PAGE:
Perhaps you are unable to function in your favorite cafe, enjoy brunch with colleagues, or participate in quiz night at your favorite brewery just yet. Moving out of the home, on the other hand, will place you in the direction of others, reminding you that you are not alone in the world.

A few ideas to try:

  • Visit your favorite park. Try to identify different birds — both birds and birdsong can have a positive impact on well-being, according to recent research.
  • Take a walk around your neighborhood. Explore streets you’ve never visited and greet neighbors when your paths cross.
  • Plan a physically distanced scavenger hunt with friends.
  • Visit and support local businesses, if possible.

Getting out on foot (or bike) can also tire you out, making for good sleep.

Talk about your feelings

When emotions go unacknowledged, they appear to collect under the surface and escalate. However, expressing your emotions aloud will also help reduce their ability to cause anxiety.

Telling a loved one you feel lonely can make it easier to get the important emotional support that helps loosen the grip of loneliness. Talking about difficult emotions can also help empower your loved ones to share any feelings they’re struggling with, making it possible to explore coping strategies together.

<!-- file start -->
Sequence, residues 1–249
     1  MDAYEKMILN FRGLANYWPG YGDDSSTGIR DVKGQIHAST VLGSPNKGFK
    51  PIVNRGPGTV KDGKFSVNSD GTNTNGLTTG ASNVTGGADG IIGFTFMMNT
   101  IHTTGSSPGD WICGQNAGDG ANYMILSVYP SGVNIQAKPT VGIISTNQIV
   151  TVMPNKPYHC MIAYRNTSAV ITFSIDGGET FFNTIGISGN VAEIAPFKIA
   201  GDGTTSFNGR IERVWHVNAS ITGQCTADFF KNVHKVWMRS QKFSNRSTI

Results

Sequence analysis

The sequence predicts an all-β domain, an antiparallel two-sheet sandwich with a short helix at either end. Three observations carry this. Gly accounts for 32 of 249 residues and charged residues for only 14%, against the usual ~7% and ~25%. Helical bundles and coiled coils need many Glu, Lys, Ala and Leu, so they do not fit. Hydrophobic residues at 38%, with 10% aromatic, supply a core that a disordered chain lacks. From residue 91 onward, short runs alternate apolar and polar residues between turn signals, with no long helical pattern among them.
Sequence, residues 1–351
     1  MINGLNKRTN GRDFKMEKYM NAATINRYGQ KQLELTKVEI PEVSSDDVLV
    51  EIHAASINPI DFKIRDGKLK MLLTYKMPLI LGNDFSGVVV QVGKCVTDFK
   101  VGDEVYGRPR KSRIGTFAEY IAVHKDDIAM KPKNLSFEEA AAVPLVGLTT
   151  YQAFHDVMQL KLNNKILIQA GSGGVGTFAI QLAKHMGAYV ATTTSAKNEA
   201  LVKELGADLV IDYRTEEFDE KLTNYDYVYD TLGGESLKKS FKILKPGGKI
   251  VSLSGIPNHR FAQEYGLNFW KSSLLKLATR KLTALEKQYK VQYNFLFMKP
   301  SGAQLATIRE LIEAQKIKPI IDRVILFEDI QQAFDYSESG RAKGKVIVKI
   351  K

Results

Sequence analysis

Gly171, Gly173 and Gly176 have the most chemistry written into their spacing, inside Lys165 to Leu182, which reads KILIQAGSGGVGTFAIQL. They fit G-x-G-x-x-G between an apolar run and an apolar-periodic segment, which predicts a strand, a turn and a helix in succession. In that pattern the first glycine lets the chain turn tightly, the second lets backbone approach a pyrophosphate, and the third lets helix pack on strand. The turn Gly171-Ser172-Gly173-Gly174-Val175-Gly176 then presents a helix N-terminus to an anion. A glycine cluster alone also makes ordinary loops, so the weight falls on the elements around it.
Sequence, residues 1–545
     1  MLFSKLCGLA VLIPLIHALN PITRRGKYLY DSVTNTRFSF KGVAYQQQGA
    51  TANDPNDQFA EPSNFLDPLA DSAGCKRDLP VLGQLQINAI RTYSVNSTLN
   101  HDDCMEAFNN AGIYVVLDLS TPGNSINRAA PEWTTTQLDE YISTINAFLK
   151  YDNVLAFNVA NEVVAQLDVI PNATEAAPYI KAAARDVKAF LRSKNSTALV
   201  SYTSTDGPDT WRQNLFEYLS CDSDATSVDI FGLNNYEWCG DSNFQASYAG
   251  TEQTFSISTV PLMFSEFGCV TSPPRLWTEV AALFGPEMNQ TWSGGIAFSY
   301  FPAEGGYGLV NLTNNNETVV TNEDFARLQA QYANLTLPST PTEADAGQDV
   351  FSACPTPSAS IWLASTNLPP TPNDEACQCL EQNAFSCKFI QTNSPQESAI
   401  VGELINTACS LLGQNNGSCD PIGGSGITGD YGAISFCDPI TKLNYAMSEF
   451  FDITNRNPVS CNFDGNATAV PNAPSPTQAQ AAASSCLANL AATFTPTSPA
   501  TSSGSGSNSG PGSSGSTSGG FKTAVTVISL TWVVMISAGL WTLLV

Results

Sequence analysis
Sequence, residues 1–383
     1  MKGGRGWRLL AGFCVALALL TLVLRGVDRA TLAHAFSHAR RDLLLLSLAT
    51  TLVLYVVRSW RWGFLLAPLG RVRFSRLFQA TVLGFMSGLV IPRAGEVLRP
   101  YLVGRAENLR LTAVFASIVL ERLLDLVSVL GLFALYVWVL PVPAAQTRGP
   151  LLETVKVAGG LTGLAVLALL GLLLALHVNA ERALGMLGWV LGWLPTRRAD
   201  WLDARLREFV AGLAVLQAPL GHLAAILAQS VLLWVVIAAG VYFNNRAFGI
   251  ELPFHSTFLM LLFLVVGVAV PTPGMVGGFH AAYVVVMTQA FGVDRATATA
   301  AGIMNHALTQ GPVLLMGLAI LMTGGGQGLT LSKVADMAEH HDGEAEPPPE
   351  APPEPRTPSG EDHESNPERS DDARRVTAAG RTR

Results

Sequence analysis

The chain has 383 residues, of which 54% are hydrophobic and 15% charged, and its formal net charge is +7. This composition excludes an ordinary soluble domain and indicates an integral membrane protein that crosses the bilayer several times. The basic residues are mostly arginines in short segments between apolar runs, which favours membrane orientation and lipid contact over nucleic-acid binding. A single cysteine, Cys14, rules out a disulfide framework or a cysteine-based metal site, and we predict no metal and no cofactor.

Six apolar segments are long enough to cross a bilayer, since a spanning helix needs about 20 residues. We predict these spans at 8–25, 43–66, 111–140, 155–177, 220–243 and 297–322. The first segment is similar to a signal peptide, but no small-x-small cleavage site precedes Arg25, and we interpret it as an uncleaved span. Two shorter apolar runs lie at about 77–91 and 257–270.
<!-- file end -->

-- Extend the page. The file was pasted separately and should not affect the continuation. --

Sharing uncomfortable or unwelcome emotions with others can be challenging, particularly if you are not used to discussing your feelings. Journaling allows you to share and sort through your thoughts privately before expressing them in public.

Draw out your creative side

Creative pursuits like art, music, and writing help many people cope with isolation and navigate feelings of loneliness.

Artistic endeavors help you express emotions without (spoken) words, which can have a lot of benefit when you struggle to share them aloud.

Creation can also leave you with a sense of fulfillment and satisfaction, emotions that might challenge a prevailing mood of loneliness and sadness.